The Bahamas was among the states to appear on the OECD’s blacklist in June 2000 that named 35 jurisdictions as ‘tax havens’.
The Bahamas government said agreement had been reached based on ‘the application of a level playing field in relation to all jurisdictions with which The Bahamas is materially in competition in the provision of cross-border financial services’.
The Bahamas finance minister Sir William Allen stressed settlement had been made on the assumptions that other countries would also settle. He said: ‘The government of The Bahamas believes strongly that the success of this OECD initiative rests on the adherence to the principle of parity in the obligations assumed by all jurisdictions, OECD and non-OECD member countries, in relation to standards and timelines in the move to greater transparency and information exchange.
‘Clearly, if this principle is not observed, financial services business will migrate from one financial services centre to another and the stated objectives of the OECD initiative will, thereby be defeated.’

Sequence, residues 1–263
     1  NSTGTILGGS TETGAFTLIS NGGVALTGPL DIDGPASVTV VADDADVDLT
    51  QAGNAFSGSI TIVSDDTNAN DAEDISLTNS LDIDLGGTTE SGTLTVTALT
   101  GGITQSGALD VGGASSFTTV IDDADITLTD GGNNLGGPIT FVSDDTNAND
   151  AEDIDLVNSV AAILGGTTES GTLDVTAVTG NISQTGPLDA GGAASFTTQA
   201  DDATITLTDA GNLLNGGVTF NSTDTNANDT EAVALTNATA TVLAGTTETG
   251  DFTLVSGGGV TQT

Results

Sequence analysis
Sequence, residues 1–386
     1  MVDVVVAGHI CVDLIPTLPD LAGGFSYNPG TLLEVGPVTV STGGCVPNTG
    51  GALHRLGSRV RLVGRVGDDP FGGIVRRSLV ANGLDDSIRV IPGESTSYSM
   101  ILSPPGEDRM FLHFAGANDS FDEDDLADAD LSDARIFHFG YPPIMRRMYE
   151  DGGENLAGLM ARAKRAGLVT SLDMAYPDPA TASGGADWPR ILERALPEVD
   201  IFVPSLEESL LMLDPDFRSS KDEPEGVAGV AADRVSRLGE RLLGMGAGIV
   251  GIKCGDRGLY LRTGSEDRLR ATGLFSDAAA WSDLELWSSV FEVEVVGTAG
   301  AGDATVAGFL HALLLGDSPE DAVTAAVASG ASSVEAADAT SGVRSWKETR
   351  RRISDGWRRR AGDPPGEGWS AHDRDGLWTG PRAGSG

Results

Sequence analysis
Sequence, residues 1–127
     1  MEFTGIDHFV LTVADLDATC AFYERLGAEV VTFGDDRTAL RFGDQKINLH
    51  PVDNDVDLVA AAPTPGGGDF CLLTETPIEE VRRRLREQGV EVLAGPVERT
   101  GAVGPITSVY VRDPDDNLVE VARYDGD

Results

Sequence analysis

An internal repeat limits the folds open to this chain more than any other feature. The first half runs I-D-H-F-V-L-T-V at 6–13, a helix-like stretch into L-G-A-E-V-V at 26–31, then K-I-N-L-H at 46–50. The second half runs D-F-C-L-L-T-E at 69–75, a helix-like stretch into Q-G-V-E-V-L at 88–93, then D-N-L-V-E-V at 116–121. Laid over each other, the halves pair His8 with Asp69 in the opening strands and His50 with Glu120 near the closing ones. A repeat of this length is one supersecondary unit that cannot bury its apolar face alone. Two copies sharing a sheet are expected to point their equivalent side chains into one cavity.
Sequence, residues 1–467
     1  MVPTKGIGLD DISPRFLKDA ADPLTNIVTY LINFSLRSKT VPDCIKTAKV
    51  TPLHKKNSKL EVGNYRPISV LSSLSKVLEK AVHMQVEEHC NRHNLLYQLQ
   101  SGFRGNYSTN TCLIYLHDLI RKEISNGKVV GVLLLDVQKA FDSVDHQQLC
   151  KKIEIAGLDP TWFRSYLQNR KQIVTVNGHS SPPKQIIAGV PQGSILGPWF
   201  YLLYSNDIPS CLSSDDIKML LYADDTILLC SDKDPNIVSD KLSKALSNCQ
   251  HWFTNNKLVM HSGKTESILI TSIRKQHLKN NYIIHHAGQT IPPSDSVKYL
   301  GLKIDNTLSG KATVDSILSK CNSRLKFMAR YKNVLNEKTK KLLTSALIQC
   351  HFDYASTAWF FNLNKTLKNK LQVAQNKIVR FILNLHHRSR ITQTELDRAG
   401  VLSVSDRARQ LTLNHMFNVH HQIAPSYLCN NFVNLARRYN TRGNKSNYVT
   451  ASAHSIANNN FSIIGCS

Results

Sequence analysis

The agreement will further boost the OECD campaign. It comes after news earlier this month that the Caribbean islands of Grenada & St. Vincent and the Grenadines have committed to ending harmful tax practices. The Channel Islands of Guernsey and Jersey also committed themselves to improving the transparency of their tax and regulatory systems and to establishing effective exchange of information with OECD countries by 31 December 2005.
However the island of Vanuatu in the South Pacific has refused to cooperate.
An OECD statement said: ‘The OECD is pleased to announce that The Bahamas has made a commitment to improve the transparency of its tax and regulatory systems and establish effective exchange of information for tax matters with OECDcountries by 31 December 2005.’
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